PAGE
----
Two different perspectives of maintainability are often presented in the software engineering literature (Lagu, &, April., 1996). From an external point of view, maintainability attempts to measure the effort required to diagnose, analyze, and apply a change to specific application software. From an internal product point of view, the idea is to measure the attributes of application software that influence the effort required to modify it. The internal measure of maintainability is not direct, meaning that there is no single measure of the application's maintainability and that it is necessary to measure many sub-characteristics in order to draw conclusions about it (Pressman, 2001).
The IEEE 1061 standard (IEEE standard, 1988) also provides examples of measures without prescribing any of them in particular. By adopting the point of view that reliability is an important characteristic of software quality, the IEEE 982.2 Guide proposes a dictionary of measures.
3. RESEARCH METHODOLOGY
This research shall be carried out in five phases as illustrated in Figure 1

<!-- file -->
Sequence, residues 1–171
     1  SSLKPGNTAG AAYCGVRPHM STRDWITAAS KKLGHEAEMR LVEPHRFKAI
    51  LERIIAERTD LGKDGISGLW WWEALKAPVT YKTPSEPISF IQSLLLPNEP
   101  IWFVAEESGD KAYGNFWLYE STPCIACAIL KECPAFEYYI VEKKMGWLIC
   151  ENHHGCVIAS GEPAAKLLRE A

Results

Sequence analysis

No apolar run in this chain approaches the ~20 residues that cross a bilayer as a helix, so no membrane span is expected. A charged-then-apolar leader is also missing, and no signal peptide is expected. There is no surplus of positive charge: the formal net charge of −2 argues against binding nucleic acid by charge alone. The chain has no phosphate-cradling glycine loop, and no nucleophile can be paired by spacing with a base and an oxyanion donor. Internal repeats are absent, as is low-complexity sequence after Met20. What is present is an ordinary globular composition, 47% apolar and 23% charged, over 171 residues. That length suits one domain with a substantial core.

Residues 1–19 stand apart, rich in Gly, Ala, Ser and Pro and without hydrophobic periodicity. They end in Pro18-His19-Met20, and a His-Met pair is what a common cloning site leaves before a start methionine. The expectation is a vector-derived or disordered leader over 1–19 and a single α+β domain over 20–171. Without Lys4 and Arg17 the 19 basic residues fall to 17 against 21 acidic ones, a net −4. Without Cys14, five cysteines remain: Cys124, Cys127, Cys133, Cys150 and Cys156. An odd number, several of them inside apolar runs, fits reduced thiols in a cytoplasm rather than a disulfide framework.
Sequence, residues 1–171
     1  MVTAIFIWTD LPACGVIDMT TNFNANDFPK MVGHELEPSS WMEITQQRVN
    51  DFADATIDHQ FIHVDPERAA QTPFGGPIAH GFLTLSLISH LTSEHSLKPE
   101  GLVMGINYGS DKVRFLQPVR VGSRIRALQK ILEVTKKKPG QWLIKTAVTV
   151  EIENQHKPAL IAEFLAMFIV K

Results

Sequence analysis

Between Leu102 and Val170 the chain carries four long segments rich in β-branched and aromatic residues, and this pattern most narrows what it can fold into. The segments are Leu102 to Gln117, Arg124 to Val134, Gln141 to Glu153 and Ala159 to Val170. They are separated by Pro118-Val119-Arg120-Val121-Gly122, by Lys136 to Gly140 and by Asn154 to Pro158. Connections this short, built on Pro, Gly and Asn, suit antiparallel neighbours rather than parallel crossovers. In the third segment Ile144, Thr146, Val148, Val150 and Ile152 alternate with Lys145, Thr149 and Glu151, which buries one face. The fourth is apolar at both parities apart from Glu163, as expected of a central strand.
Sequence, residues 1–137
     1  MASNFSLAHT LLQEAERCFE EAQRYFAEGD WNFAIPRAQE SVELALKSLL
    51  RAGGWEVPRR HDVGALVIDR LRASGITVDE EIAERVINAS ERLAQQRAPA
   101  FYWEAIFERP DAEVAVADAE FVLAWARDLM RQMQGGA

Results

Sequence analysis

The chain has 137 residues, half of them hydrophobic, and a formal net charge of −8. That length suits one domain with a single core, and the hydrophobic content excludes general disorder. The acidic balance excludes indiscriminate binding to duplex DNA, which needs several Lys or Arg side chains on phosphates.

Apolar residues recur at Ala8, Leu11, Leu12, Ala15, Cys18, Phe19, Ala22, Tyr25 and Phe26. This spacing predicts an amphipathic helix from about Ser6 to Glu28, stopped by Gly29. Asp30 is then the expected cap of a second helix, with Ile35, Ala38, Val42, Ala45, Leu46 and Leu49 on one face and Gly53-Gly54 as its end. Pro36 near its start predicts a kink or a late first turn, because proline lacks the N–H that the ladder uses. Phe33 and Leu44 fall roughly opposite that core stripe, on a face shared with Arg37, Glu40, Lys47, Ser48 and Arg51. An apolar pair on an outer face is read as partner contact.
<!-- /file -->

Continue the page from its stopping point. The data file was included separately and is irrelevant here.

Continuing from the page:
Phase 4-1 - Requirements
Phase 4-4 - Verification & Validation
Phase 4-3 - Design and implementation
Phase 4-2 - Analysis
Phase 2 - Pre & Post-Survey on measurement attributes in SM and CMMI
Phase 5 - Evaluation
Phase 3 - Formulate the SM Measurement Model based CMMI
Phase 4 - Develop the Model
Phase 1 - LR and Analysis of measurement attributes in SM and CMMI
Figure 1: Research Methodology Framework
3.1 Phase 1 - LR and Analysis of measurement attributes in SM, MAS and CMMI
This phase involves evaluation of existing measurement attributes of software maintenance processes and activities and literature reviews on academic journals, software maintenance books, and other tools supporting software maintenance activities.